The National Oceanic and Atmospheric Administration, the agency charged with tracking weather patterns along with charting U.S. waters and a myriad of other environmental duties, long has been caught between private companies who say they are doing too much and information consumers who say they are not doing enough.
Last week, NOAA announced its latest effort to keep its constituents happy: A new policy that will promote more transparent relationships with private, public, and academic groups. While the actual impact of the policy is not yet clear, it likely will lead to making weather and other information more easily available to consumers, as well as to more communication between the different sectors.
"If we can move to a better means of distribution that's less expensive, in this case the Internet, we should be taking advantage of that," said Ari Schwartz, associate director of the Center for Democracy and Technology, a Washington-based group that promotes the use of technology and democratic values.
While NOAA does not charge fees for its services, which are paid for by taxpayers, much of its information is distributed in forms that require certain equipment to receive and interpret it. As a result, individuals who want to use the information often have to rely on commercial media to distribute it. While the new policy applies to all of NOAA's units, the potential effect on the National Weather Service has received the most attention, largely because the information it provides is so valuable to people and companies.
Driven by long-standing tension over NOAA's role and rumblings that the current policy made little sense, NOAA commissioned the National Research Council, part of the National Academies, to investigate current NOAA policy and make recommendations. In the report, released last year, NRC noted that frictions among the public, private and academic sectors come from the fact that "all members do not share the same expectations and understanding of the proper roles and responsibilities of the three sectors."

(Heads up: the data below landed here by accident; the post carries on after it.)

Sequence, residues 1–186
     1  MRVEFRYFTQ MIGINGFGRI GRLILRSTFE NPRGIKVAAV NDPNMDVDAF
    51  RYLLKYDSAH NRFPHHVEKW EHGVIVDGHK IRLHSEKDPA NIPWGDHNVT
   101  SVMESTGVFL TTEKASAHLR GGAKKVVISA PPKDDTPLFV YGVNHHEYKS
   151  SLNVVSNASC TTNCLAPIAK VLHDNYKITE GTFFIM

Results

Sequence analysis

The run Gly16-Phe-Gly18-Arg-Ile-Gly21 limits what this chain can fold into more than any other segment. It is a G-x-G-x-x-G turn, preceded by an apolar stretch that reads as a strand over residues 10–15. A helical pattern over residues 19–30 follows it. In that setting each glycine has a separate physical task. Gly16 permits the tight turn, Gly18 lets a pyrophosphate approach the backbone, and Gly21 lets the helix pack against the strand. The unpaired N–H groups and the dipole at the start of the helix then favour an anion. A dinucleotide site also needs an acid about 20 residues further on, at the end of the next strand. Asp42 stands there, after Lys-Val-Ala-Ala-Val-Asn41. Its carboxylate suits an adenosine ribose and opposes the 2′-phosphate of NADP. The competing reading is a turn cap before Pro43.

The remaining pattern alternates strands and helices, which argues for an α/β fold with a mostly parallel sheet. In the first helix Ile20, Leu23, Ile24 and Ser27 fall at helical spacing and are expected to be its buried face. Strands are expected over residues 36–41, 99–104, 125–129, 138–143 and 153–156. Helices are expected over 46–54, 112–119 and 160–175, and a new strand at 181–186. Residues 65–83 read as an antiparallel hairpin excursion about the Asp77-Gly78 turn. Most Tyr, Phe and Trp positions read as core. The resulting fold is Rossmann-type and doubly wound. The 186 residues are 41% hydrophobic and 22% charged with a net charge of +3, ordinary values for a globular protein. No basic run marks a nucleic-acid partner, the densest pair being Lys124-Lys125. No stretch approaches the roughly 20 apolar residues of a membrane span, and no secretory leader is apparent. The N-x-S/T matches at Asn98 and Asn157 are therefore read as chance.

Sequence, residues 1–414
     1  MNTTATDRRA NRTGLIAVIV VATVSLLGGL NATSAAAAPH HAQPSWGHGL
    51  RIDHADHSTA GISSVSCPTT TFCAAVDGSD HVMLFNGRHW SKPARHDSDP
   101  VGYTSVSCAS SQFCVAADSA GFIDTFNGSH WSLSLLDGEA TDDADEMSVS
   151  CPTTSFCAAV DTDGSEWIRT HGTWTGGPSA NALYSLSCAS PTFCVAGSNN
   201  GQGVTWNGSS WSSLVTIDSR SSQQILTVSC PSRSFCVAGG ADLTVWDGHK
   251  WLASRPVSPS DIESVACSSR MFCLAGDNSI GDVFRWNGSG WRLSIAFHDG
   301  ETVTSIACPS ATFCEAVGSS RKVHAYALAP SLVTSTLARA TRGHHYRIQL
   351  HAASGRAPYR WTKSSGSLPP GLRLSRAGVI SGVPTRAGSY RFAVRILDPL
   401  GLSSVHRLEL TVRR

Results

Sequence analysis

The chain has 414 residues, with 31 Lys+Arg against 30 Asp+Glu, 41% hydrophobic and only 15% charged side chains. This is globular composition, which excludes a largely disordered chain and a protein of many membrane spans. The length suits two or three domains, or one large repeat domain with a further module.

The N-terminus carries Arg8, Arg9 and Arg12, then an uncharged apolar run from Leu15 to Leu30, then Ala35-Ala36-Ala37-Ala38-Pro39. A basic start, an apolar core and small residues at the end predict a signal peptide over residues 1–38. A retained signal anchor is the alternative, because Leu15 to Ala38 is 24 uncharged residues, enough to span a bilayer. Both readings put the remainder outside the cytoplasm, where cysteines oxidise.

Instead of rigidly defining the roles of each, NRC recommended creating better avenues of communication among the three groups and encouraging clearer decision-making processes when deciding which group should take responsibility for which functions.
Under the old NOAA policy, implemented in 1991, NWS was not able to provide a service currently available from the private sector. "This guideline is untenable because the private sector can now do much of what the NWS legitimately does, and there may be good public policy reasons for the NWS to carry out certain activities, even if the private sector does or could do them," said the NRC report.
Comments attached to the report from private companies argued that NWS provided information or services that often overlapped with what the private sector was already providing, and in some cases took work away from the private sector.